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Hoffmann, R. A wiki for the life sciences where authorship matters. Nature Genetics (2008)

15-deoxy-Delta12,14-prostaglandin J2 inhibits glucocorticoid binding and signaling in macrophages through a peroxisome proliferator-activated receptor gamma-independent process.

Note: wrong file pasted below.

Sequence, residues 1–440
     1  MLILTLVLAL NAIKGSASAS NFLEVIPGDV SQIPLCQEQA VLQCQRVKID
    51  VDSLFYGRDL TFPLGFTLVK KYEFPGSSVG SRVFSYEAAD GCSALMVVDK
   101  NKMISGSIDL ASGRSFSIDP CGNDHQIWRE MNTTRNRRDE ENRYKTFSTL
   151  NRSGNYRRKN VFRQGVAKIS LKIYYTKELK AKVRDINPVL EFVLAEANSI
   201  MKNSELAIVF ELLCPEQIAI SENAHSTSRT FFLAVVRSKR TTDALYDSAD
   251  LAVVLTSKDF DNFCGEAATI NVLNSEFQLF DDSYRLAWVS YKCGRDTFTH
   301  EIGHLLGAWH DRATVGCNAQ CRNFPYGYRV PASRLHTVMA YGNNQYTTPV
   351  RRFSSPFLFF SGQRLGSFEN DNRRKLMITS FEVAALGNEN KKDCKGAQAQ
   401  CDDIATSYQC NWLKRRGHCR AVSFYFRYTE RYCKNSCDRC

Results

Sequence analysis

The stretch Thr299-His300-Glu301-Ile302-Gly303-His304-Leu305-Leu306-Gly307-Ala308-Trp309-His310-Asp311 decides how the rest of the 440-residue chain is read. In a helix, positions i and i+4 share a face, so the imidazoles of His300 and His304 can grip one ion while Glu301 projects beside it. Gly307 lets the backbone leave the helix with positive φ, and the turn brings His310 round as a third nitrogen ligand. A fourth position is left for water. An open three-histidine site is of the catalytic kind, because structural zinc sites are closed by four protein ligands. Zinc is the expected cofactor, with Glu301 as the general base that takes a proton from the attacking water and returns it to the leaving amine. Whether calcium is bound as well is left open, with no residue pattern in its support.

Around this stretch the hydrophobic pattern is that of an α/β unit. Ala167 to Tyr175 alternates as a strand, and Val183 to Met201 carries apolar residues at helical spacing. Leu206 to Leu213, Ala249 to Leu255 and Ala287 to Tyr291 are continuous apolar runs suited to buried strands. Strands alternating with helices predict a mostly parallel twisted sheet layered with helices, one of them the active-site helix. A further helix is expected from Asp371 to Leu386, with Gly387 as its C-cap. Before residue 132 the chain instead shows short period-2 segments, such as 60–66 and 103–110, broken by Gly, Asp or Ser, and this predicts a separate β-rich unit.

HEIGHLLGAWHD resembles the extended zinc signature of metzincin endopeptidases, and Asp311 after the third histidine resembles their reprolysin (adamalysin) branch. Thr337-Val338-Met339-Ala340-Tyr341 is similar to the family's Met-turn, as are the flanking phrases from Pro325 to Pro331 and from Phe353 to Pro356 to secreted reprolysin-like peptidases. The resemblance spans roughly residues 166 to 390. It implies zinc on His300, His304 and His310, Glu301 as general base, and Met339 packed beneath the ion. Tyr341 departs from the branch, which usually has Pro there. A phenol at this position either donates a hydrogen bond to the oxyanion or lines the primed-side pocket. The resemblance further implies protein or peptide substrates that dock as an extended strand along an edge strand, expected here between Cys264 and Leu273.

15-deoxy-Delta(12,14)-PGJ(2) (15d-PGJ(2)) is involved in the control of inflammatory reaction. We tested the hypothesis that 15d-PGJ(2) would exert this control in part by modulating the sensitivity of inflammatory cells to glucocorticoids. Human U937cells and mouse RAW 264.7 cells were exposed to 15d-PGJ(2), and binding experiments were performed with [(3)H]dexamethasone as a glucocorticoid receptor (GR) ligand. 15d-PGJ(2) caused a transient and concentration-dependent decrease in [(3)H]dexamethasone-specific binding to either cells through a decrease in the number of GR per cell without significant modification of the K(d) value. These changes were related to functional alteration of the GR rather than to a decrease in GR protein. They did not require the engagement of peroxisome proliferator-activated receptor gamma (PPARgamma), because the response to 15d-PGJ(2) was neither mimicked by the PPARgamma agonist ciglitazone nor prevented by the PPARgamma antagonist bisphenol A diglycidyl ether. 15d-PGJ(2) altered GR possibly through the interaction of its cyclopentenone ring with GR cysteine residues because the cyclopentenone ring per se could mimic the effect of 15d-PGJ(2), and modification of GR cysteine residues with methyl methanethiosulfonate suppressed the response to 15d-PGJ(2). Finally, 15d-PGJ(2)-induced decreases in glucocorticoid binding to GR resulted in parallel decreases in the ability of GR to activate the transcription of a glucocorticoid-inducible reporter gene and to reduce the expression of monocyte chemoattractant protein-1. Together these data suggest that 15d-PGJ(2) limits glucocorticoid binding and signaling in monocytes/macrophages through a PPARgamma-independent and cyclopentenone-dependent mechanism. It provides a way in which 15d-PGJ(2) would exert proinflammatory activities in addition to its known anti-inflammatory activities.[1]


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